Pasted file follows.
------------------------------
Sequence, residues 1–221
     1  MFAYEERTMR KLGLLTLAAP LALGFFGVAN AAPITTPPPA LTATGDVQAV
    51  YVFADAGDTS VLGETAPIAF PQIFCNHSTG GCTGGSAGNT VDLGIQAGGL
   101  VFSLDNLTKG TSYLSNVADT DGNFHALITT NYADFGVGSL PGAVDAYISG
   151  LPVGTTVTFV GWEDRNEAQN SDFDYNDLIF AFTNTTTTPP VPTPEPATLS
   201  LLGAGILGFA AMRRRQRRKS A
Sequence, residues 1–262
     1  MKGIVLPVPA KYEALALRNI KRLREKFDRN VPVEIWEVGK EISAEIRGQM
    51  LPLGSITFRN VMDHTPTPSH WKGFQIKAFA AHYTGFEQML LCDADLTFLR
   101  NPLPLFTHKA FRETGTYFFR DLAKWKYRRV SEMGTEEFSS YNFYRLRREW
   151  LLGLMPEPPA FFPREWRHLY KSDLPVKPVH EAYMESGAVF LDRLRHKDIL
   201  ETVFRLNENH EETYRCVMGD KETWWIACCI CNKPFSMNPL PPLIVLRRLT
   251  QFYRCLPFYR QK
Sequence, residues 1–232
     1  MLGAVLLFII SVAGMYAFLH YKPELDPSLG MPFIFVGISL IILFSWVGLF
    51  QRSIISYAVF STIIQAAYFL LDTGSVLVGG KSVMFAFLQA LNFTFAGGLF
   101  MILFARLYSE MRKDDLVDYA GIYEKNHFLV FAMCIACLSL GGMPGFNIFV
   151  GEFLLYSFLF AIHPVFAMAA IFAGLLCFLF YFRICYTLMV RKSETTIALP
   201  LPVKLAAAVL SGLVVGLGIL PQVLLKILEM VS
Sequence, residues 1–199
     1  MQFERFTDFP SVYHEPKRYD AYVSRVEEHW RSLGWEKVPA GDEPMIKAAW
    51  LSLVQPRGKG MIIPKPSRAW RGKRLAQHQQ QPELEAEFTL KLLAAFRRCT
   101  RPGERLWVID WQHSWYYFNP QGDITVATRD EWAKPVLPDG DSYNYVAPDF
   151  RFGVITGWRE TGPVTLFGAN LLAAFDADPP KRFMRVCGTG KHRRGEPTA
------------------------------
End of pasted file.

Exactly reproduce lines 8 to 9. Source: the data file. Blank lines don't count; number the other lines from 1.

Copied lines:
     1  MKGIVLPVPA KYEALALRNI KRLREKFDRN VPVEIWEVGK EISAEIRGQM
    51  LPLGSITFRN VMDHTPTPSH WKGFQIKAFA AHYTGFEQML LCDADLTFLR